Matia Island

Except for the two-acre camping area adjacent to Rolfe Cove, Matia Island is designated National Wilderness Area. Visitors who would like to experience this unique island environment may hike along the 1.2 mile loop trail, remembering the rest of the island is closed to the public in order to provide undisturbed habitat for wildlife. The loop trail provides a rare glimpse of old-growth island forest habitat present in only a few areas in the region. 

For more information about San Juan Wilderness, visit

Island Map

Pets: Pets are not allowed anywhere on the island.

Boat Landing: Boats are only allowed to land at the Rolfe Cove dock and beach. All other shoreline on the island is closed to public use.

Beach Use: With the exception of Rolfe Cove, all beaches on the island are closed to public use.

Hiking: The 1.2 mile Matia Wilderness Trail offers a rare glimpse of old-growth island forest habitat. With the exception of the campground area at Rolfe Cove and the wilderness loop trail, the island is otherwise closed to public access and use to protect habitat and wildlife.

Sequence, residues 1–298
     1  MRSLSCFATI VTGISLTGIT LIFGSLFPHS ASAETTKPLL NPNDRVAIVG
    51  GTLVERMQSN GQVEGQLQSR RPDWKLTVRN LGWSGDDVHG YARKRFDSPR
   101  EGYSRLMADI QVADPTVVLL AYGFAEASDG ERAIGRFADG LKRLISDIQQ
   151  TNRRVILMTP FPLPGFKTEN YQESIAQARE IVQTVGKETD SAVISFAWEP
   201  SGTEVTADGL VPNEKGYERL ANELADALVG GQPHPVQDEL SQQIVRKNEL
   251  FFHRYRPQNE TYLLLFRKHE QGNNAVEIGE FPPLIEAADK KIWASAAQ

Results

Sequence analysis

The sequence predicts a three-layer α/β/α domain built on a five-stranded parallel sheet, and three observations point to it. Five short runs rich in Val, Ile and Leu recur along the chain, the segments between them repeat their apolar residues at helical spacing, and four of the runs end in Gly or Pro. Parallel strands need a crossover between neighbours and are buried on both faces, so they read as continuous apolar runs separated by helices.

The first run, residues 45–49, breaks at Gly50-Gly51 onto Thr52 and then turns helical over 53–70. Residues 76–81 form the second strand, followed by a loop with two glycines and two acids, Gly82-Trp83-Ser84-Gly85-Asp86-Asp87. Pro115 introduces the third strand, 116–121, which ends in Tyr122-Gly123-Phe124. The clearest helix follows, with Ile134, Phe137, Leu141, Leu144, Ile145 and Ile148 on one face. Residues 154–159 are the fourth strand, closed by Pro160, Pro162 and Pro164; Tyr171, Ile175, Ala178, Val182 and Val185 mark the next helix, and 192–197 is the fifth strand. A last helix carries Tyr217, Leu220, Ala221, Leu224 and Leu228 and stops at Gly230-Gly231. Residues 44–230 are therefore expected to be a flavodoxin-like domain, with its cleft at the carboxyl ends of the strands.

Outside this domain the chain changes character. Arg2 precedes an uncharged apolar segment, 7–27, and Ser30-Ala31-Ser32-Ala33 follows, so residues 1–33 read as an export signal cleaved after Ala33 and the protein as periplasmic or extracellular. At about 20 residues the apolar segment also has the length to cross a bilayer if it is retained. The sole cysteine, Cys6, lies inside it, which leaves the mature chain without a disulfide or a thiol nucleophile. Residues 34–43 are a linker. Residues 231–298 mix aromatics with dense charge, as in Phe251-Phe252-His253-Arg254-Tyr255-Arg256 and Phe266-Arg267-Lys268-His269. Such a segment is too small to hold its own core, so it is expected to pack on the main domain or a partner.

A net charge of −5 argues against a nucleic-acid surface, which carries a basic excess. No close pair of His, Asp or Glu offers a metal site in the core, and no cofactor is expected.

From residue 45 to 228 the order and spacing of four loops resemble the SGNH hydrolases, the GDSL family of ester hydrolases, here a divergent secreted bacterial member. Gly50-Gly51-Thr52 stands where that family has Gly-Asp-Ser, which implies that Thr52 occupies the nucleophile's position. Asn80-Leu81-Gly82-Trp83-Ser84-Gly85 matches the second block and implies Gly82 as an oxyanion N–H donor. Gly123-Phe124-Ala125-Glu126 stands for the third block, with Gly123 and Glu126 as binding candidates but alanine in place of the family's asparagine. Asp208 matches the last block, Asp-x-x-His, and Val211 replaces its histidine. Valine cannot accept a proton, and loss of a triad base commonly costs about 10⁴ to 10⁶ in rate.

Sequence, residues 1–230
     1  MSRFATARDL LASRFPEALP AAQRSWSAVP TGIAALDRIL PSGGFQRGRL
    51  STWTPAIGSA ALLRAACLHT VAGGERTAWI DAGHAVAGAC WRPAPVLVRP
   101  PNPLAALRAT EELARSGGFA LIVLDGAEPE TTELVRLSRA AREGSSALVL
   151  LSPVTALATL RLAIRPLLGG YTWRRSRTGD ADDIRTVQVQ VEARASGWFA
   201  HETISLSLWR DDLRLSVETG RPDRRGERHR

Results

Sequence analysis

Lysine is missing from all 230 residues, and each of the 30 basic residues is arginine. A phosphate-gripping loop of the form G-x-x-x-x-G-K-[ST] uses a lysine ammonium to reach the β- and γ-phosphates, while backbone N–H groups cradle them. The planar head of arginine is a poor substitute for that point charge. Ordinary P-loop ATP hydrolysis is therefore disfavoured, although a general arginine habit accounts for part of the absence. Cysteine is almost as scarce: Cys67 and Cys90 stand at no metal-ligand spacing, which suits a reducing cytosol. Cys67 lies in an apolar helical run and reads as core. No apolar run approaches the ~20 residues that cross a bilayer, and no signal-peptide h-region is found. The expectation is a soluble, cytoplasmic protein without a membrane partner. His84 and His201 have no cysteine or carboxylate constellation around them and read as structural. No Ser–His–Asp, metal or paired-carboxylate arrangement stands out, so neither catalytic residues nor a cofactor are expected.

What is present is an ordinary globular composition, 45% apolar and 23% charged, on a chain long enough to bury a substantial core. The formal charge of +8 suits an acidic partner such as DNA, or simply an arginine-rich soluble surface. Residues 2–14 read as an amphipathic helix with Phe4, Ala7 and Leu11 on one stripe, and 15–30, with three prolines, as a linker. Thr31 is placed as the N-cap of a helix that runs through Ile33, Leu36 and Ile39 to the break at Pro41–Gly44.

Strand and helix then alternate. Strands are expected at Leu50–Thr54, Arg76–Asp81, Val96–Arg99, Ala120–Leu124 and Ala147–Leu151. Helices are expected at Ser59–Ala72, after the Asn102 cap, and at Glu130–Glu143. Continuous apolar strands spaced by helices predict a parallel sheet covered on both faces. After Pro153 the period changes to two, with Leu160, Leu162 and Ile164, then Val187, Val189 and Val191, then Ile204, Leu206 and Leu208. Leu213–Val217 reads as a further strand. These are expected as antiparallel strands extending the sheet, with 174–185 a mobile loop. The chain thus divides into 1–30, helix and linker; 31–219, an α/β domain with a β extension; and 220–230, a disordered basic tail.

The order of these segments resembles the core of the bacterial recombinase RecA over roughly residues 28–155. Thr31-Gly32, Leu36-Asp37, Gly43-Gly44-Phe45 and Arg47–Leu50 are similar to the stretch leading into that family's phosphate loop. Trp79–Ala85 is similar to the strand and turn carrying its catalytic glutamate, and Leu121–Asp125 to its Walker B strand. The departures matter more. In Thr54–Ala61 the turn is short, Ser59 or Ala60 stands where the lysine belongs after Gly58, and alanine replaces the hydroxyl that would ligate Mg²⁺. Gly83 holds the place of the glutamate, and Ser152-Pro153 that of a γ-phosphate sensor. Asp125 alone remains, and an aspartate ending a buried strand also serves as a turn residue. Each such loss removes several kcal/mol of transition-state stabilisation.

Camping: Matia has six primitive campsites and one additional picnic site, all with picnic tables. In addition, Matia has a composting public toilet, two seasonal mooring buoys, and a seasonal dock located in Rolfe Cove. Consult the Washington State Parks website for more information on campground regulations. Camping is not allowed outside of the designated sites.

Campfires: Open fire as well as wood gathering is not allowed any place on the island. Only liquid fuel or gel camp stoves are allowed in the campground.

Food Storage: Raccoons have been known to open coolers and other containers. All food should be stored in animal-proof containers. Raccoons, crows and jays on the island can be aggressive. Feeding wildlife, either purposefully or through neglectful food storage, is not allowed.

Marine Mammals: Harbor seals and their pups rest on Refuge shores and should not be approached or disturbed. They are protected by the federal Marine Mammal Protection Act.